Monticello Virginia AVA

Charlottesville Area Wineries

Virginia has been producing wines since the 17th century when Thomas Jefferson funded and provided land to an Italian winemaker to grow grapes and produce wine in Albemarle County. While this and a subsequent Jefferson-funded effort failed, the dream persisted and finally succeeded when Dr. Norton successfully propagated a non-native, phylloxera-resistant grape (named Norton) that became a foundation of a claret that began winning awards throughout Europe.

Prohibition virtually halted wine production. The Depression and WWII delayed its resurgence. But in 1976 it was revived when an Italian winemaker began producing wines for Barboursville Vineyards. Other vintners followed and the Monticello AVA was granted in 1984.

Monticello AVA Wineries

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Monticello is one of seven Virginia AVAs (Eastern Shore, Monticello, North Fork of Roanoke, Northern Neck George Washington Birthplace, Rocky Knob, Shenandoah Valley, and Middleburg). However, it is generally regarded as the state’s primary wine region. Although it is not our favorite wine region, a number of Monticello wineries do produce very credible wines. Over 40 wineries produce wines from 30 different varietals. Cabernet Franc, Chardonnay, and Viognier are the most important. We mostly enjoy their Cabernet Franc. We found many of the other varietals to be relatively lightly extracted and bone dry with (with a few notable exceptions) very subdued fruit. Here are some of the places we visited.

  • Barboursville Vineyards is a large complex with an inn, restaurant, and scenic ruins (a brick building that Thomas Jefferson designed for Governor James Barbour in 1814 that burned in 1884). We ate lunch at its Palladio restaurant and tasted a number of its wines. We particularly enjoyed the bone-dry, 2020 Allegrante Rose (a blend of Petite Syrah and Nebbiolo), its dry, low-tannin 2019 Barbera Reserve, and especially the 2019 full-bodied Cabernet Franc Reserve. We also liked one of its dessert wines, the non-vintage Phileo Moscato with about 9 percent residual sugar.
  • Reynard Florence Vineyard and Winery is a small, 1,000 case per year winery. We discovered the nicely balanced acidity of the Petite Manseng varietal (2019 vintage) and also enjoyed three of its reds, 2017 Cabernet Franc, 2016 Cabernet Sauvignon, and 2017 Recherche Bordeau Blend (25% apiece of Cabernet Sauvignon, Cabernet Franc, Petite Verdot, and Malbec).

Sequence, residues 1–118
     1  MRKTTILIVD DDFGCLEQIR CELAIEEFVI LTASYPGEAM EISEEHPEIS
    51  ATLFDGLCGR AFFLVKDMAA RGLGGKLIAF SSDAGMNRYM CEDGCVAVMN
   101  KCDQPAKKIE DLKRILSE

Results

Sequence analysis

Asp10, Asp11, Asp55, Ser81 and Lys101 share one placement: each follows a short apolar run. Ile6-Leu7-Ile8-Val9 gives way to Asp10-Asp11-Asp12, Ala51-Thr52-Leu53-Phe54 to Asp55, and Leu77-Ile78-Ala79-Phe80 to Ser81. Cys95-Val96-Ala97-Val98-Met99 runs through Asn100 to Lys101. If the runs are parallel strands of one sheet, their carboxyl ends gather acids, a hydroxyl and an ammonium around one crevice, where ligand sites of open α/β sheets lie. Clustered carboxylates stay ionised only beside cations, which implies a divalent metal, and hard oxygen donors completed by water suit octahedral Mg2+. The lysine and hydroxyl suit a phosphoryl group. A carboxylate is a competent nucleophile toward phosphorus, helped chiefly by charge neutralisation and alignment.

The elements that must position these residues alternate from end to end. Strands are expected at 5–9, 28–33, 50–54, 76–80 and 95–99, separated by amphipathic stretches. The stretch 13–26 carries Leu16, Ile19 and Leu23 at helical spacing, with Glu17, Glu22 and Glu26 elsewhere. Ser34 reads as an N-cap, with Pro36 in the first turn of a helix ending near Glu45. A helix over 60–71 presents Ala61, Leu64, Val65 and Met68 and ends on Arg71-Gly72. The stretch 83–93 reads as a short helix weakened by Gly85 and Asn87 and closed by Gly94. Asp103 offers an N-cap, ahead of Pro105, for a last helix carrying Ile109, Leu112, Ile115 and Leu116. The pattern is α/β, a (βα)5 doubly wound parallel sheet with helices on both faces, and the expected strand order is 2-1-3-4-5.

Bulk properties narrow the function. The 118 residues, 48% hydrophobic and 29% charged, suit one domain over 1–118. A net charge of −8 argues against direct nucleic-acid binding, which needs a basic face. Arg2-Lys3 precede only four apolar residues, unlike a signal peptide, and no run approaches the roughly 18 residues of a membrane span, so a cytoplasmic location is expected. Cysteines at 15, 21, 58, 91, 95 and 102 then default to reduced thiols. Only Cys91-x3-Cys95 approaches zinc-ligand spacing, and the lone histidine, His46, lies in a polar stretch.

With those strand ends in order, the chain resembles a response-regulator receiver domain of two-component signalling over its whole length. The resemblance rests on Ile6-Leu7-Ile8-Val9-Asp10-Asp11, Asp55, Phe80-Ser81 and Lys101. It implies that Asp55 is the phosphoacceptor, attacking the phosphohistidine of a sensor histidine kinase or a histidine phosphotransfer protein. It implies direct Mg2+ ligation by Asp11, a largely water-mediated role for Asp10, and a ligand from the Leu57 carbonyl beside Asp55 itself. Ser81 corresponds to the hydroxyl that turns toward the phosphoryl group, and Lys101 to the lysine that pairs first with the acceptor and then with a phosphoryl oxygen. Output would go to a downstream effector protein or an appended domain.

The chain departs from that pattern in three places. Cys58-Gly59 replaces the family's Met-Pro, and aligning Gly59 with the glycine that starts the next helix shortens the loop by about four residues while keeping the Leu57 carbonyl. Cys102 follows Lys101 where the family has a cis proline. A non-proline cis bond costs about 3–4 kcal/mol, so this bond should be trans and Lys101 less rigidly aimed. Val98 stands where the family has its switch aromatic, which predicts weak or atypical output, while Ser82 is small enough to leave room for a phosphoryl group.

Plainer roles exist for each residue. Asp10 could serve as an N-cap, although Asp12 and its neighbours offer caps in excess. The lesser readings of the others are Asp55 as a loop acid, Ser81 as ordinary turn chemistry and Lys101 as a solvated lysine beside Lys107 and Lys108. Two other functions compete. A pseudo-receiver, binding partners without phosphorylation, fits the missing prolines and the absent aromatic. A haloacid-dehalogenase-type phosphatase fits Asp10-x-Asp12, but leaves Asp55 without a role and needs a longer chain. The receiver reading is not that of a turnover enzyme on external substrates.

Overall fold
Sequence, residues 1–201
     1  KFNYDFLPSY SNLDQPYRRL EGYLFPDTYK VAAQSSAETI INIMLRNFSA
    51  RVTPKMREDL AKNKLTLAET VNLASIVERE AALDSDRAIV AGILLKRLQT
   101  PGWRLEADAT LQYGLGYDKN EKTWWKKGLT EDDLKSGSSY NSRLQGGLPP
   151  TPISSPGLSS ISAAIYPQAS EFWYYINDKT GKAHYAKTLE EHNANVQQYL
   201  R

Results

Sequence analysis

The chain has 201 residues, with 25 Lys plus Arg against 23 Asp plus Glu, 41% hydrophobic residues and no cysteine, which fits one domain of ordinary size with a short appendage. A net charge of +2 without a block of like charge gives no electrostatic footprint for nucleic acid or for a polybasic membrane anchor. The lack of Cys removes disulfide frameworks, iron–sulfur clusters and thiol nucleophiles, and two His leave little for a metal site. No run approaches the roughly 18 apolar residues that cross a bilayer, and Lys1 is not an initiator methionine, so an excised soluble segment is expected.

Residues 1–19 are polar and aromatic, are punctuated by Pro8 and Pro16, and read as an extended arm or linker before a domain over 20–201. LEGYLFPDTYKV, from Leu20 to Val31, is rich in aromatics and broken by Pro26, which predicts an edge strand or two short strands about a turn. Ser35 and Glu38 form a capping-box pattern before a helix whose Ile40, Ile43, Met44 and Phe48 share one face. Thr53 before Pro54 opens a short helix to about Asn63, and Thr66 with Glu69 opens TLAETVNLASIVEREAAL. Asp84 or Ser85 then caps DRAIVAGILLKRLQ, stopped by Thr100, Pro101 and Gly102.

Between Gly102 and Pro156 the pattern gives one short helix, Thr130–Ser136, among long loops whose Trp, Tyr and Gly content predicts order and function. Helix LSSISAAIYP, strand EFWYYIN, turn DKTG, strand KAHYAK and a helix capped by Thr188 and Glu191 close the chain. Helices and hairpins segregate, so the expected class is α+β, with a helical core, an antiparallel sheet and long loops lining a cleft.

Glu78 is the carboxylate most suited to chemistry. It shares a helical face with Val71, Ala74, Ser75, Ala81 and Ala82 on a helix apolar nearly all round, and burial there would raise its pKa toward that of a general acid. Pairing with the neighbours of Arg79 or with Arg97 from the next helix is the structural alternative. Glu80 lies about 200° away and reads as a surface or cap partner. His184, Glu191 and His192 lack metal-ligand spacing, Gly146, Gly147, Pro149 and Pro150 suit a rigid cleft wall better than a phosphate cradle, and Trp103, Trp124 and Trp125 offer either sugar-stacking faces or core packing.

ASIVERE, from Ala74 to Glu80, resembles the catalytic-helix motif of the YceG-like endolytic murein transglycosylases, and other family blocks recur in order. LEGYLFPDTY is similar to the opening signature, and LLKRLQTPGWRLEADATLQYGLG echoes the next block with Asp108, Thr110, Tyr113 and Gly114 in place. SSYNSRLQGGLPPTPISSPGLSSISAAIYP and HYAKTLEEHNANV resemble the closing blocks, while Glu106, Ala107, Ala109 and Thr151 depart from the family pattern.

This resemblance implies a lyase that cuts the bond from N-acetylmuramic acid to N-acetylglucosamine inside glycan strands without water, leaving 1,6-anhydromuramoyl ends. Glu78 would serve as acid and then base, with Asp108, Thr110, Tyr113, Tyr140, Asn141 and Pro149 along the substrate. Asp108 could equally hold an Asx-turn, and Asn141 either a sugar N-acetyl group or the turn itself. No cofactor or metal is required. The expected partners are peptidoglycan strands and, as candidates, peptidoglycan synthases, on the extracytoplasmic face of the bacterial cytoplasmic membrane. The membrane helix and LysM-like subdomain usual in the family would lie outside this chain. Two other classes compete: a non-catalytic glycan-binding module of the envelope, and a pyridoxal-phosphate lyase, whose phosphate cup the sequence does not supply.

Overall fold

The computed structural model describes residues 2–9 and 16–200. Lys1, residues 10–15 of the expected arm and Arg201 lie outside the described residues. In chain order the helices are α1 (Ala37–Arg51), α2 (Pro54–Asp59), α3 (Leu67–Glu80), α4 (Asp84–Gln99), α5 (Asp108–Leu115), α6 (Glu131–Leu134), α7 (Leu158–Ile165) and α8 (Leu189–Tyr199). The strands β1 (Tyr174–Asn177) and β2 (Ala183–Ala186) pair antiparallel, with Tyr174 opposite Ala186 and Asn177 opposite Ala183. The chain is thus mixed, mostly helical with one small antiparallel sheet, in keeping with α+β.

• Burnley Vineyards has a nice light, fruity 2019 Rivanna white wine made primarily from Vidal Blanc. And if you enjoy peaches, its Peach Fuzz dessert wine made from a combination of grape and peach juice is nice.
  • Chestnut Oak Vineyards has an interesting fruity, 2018 Red Table Wine (a blend of Petite Verdot and Cab Sauvignon). We also enjoyed its 2017 dark berry and earthy Merlot.
  • Gabriele Rausse Winery is a very popular spot just south of Charlottesville. Its glass cube-shaped tasting room has tables set out in a scenic forest. We enjoyed several of its wines beginning with its well-balanced, 2019 Roussane which was aged in a combination of stainless, 1-year-old French oak and terracotta amphora. We also enjoyed several reds including its 2019 Nebbiolo, 2020 Cabernet Sauvignon, 2017 Cabernet Franc Reserve, and especially the red cherry fruit 2020 Rosso (a blend of 50% Merlot, 40% Cabernet Franc and 10% Cabernet Sauvignon).
  • Jefferson Vineyards is where we enjoyed the red fruit and light tannins of the 2019 Petite Verdot and the red fruit, plum, and mild tannins of the 2019 Meritage (a blend of Cabernet Franc, Merlot, Petite Verdot, and Malbec).
  • Keswick Vineyards has interesting Cabernet Franc
  • Blenheim Vineyards where we especially liked its Syrah.
  • King Family Vineyards and Pollack Vineyards. Although we can’t say we were excited by their whites, we really enjoyed a number of each winery’s Merlots and Meritages (both of which used Petite Verdot as an alternative to Cabernet Sauvignon (which takes too long to ripen in this region to grow predictably). Both had their own bottling of Petite Verdot, which were smoother and softer than those which we have had in California.

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